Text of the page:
The real drain on the economy is bad employers, not migration
This week David Cameron faced this question during a visit to Bentley motor works in Crewe:
‘Why do we seem to have a weak policy on immigration when it’s a constant drain? All the people here work hard, and why do we let people in that are a constant drain?’
To which Cameron replied:
‘Look, I basically agree with you. There are some benefits from being a country that can welcome people who want to come here and work hard, but … I think the pressure [net migration] puts on public services is too great. I think the pressure it puts on some of our communities was too great.’
The right-wing press have lapped this up.However, this time last week the same papers were less sure-footed. A report from the Office for Budgetary Responsibility caught them a little off-guard as it indicated that the responsible thing to do would be to, yes, keep the migrants coming. The report stated that if there was zero net migration, Britain’s debt to GDP ratio would by 40% higher by 2062-63 so migrant workers would be needed to keep public services on the road and public finances afloat.
The Daily Mail was forced to report there would be a need for migration to keep the elderly of England safe and cared for. You could almost see the wiring in the Daily Mail brain melting as it was faced with the impossible choice: migrants or the NHS….
Former Immigration Minister Damian Green was of course quick to reject the OBR report, stating that when migrants get old they in turn will be a burden on the health service and thus reverse any positive effect they might have.
Jonathan Portes shows why Green’s claim doesn’t hold water. The OBR did factor into their analysis the fact migrants get old themselves, and Portes adds that, as many EU migrants come to the UK for economic reasons, they are less likely to stay in the UK in their old age, meaning they are likely to cost the UK public purse even less than its own residents.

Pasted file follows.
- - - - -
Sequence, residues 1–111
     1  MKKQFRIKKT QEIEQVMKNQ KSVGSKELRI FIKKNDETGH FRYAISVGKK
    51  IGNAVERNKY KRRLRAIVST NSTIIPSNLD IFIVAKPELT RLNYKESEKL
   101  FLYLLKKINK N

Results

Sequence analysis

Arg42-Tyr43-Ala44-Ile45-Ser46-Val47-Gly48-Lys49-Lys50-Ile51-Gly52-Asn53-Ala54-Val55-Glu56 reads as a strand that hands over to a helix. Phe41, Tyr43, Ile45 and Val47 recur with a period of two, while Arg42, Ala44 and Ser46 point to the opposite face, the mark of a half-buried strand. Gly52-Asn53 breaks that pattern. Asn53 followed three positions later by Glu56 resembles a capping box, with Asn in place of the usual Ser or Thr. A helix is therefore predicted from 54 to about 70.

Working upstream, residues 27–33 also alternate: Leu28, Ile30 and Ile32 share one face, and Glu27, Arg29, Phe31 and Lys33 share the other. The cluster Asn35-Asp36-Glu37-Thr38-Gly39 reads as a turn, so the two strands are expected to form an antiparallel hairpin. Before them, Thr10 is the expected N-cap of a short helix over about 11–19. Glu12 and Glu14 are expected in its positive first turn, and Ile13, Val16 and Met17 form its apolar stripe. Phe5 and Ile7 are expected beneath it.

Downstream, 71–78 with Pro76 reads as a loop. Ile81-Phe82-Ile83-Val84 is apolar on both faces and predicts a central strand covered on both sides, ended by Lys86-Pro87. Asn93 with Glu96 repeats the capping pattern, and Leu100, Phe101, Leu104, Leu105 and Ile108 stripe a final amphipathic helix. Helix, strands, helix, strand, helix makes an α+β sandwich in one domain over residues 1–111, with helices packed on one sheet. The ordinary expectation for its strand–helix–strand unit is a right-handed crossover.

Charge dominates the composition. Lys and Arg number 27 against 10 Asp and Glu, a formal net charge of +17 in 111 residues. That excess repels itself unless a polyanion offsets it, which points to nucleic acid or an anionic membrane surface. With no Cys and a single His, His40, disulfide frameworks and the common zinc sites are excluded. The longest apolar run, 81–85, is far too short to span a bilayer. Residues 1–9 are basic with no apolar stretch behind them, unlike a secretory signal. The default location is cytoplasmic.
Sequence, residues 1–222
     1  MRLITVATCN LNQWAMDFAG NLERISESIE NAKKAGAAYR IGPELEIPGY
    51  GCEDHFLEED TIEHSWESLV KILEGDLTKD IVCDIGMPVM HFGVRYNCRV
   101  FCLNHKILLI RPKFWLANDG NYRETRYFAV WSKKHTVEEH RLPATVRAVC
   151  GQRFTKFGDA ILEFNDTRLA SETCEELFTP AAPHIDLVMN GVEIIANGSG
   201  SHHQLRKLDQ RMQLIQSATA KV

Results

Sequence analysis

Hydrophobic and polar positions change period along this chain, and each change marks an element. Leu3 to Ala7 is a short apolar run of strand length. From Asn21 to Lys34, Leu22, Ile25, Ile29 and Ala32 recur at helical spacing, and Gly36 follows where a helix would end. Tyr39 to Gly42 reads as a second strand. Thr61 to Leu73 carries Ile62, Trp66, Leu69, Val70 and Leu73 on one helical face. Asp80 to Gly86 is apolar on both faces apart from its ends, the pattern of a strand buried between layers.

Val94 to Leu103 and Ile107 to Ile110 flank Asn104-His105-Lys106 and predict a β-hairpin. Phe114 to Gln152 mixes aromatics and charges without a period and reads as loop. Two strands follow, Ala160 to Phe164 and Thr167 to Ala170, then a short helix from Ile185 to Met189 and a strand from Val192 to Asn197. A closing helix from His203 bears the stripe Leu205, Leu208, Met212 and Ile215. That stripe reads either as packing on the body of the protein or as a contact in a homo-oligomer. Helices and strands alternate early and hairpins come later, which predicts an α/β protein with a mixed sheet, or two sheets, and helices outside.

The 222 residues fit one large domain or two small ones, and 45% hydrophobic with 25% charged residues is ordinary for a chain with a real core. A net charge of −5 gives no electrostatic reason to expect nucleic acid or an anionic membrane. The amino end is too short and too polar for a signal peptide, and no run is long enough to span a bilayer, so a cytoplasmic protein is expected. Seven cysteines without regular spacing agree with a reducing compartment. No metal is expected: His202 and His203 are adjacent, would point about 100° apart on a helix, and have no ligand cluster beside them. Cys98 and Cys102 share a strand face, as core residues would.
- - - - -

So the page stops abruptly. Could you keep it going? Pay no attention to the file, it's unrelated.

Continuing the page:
But we need to go futher than saying simply saying migration is good for the economy (which studies show that it is, to the tune of £0.6 billion) or that migrants are 60% less likely than British people to claim beenfits.
We need to look at the jobs migrants are doing as it’s clear more growth and productivity could be created by ensuring pay and working standards in these sectors.
We know migrants are employed mainly at the top and bottom of the economy –both the City financier and the cleaner in their five star hotel is likely to be a migrant.
Those migrants working at the bottom end have jobs characterised by insecurity with bogus self-employment, low pay – sometimes below the National Minimum Wage – long hours and dangerous working conditions common.
Without proper contracts and cash in hand payments, migrant workers don’t pay tax. Without decent wages, migrant workers can’t buy many goods in the UK market to generate growth. And without safe conditions at work, employees are not productive – how well would you work on a construction site if there was a risk you might break your neck falling off scaffolding each day?
For migrant workers employed in the low-skill sectors to really be productive, we need better enforcement of the National Minimum Wage and extending (rather than stripping down as it did this week) the Gangmasters Licensing Authority.
Of course Britain needs to move away from being a low-skill economy. This requires the Government needs to invest in proper training, Apprenticeships and education, including English language provision for migrant workers who we know often work at jobs significantly below their skill level.
So to answer the Bentley employee in Crewe:
The real ‘drain’ on society comes from the government not investing in its workforce and measures to make sure employers pay and treat workers decently, migrant and non-migrant.